“There’s a right to bear arms, but it’s only a privilege in New York State,” Erie County Libertarian Party attorney James Ostrowski told Phil Fairbanks of Buffalo News on Jan. 11. “We’re not surprised by the decision and we’re obviously going to appeal.”
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IN THE COURTS
Coalition Seeks Supreme Court Review of ‘Gun Control By Zoning’
A coalition of gun-rights groups petitioned the Supreme Court on Jan. 9 to accept their challenge of an Oct. 10 Ninth Circuit Court of Appeals ruling that Alameda County, Calif., did not violate the Second Amendment by prohibiting three businessmen from opening a gun store near a residential area because, it determined, there is no protected right to sell guns.
The coalition’s attorneys argue that the county used a zoning ordinance to make it impossible for gun stores to operate inside its limits, making Teixeira v. County of Alameda a viable candidate for Supreme Court review. The coalition includes the Second Amendment Foundation (SAF) and Calguns Foundation, a California-based gun-advocacy group.
“You simply cannot allow local governments to ignore the Second Amendment because they don’t like how the Supreme Court has ruled on the amendment twice in the past 10 years,” SAF founder Alan Gottlieb told Stephen Gutowski of the Washington Examiner on Jan. 10. “You shouldn’t be able to zone the Second Amendment out of the Bill of Rights.”
In 2010, the Alameda County Board of Supervisors revoked a permit filed by John Teixeira and his business partners, Steve Nobriga and Gary Gamaz, to open a shop called Valley Guns and Ammo in an unincorporated part of the county.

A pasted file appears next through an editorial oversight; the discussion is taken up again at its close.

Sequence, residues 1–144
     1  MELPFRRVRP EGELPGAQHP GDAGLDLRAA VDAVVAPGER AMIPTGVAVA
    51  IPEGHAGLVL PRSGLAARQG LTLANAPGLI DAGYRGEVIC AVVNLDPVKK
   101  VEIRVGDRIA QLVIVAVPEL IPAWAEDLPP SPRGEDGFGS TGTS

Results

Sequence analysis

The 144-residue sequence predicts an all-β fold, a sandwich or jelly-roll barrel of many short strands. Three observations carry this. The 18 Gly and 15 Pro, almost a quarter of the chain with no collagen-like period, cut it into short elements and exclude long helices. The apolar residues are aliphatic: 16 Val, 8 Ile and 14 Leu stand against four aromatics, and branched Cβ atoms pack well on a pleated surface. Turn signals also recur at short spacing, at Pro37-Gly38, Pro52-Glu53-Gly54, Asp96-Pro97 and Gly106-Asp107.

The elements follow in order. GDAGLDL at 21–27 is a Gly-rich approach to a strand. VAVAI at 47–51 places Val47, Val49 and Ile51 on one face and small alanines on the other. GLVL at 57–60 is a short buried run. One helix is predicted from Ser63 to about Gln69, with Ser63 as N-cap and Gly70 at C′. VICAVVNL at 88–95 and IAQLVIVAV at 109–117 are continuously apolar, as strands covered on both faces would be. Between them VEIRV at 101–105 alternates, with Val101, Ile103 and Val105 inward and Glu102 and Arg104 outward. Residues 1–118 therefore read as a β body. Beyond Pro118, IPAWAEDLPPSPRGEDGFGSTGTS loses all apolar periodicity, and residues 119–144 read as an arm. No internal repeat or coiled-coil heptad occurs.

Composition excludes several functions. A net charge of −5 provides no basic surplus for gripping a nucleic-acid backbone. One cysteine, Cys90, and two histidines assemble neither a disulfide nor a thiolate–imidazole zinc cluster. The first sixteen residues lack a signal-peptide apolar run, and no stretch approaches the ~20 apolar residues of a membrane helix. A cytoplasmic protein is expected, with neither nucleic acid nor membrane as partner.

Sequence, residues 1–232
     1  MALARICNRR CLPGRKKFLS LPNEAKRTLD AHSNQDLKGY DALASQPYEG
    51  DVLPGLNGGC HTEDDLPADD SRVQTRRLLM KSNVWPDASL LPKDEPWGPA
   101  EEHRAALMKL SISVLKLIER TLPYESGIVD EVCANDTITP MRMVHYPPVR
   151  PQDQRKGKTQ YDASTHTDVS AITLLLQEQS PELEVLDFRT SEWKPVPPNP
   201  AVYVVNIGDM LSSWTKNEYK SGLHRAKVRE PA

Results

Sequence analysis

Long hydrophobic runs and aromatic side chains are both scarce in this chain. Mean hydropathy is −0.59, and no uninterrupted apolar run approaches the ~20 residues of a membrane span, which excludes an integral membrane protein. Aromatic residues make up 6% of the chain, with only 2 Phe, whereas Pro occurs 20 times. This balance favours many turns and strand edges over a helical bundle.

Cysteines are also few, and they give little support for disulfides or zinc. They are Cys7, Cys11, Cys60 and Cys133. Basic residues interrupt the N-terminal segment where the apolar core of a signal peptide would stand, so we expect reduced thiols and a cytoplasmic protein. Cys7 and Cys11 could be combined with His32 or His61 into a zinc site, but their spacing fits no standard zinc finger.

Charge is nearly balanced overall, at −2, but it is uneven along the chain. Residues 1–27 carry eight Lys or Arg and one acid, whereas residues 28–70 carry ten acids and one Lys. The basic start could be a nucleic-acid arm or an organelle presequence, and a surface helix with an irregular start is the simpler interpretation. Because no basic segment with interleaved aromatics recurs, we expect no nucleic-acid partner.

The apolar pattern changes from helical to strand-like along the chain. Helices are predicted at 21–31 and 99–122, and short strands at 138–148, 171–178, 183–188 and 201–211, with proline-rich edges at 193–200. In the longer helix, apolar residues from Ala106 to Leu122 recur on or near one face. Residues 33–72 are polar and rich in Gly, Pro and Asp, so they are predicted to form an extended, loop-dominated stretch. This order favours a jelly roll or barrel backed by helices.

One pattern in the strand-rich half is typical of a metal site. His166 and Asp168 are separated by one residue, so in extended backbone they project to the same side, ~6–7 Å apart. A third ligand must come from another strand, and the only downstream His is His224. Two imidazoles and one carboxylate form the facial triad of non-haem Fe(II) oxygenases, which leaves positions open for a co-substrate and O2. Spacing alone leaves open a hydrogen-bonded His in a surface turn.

The board said the proposed location near San Leandro violated a county ordinance prohibiting gun stores within 500 feet of a residential area. The proposed location was 446 feet from a house. The three challenged the ruling in federal court, claiming the board changed zoning laws to block their proposed business.
A federal judge dismissed the case in 2013, but the Ninth Circuit revived it last year when Circuit Judge Diarmuid O’Scannlain said the businessmen made a plausible argument that their Second Amendment rights had been violated.
In March, an 11-judge en banc panel heard arguments in the case. The plaintiffs’ attorney Donald Kilmer argued the Second Amendment also protects the right to sell arms.
Alameda County attorneys argued in its briefs the ordinance does not prevent the sale of guns in the county. The court concurred in an opinion issued in October.
“Teixeira has not plausibly alleged that the county’s ordinance impedes any resident of Alameda County who wishes to purchase a firearm from doing so,” Circuit Judge Marsha Berzon wrote. “Accordingly, he has failed to state a claim for relief based on infringement of the Second Amendment rights of his potential customers.”
The court noted that there is a Big 5 Sporting Goods store just 600 feet from the proposed location for the gun store and nine other gun stores in the county.
Calguns Foundation Chairman Gene Hoffman told Gutowski that the Ninth Circuit’s ruling is encouraging others to use their zoning code as a form of gun control.
“Since this case was filed, multiple local city and county governments have used unconstitutional zoning laws to stop new gun stores from opening and close down existing gun stores,” he said. “If this was a book store or an abortion clinic, the Ninth Circuit would not have hesitated in striking this zoning regulation unanimously.”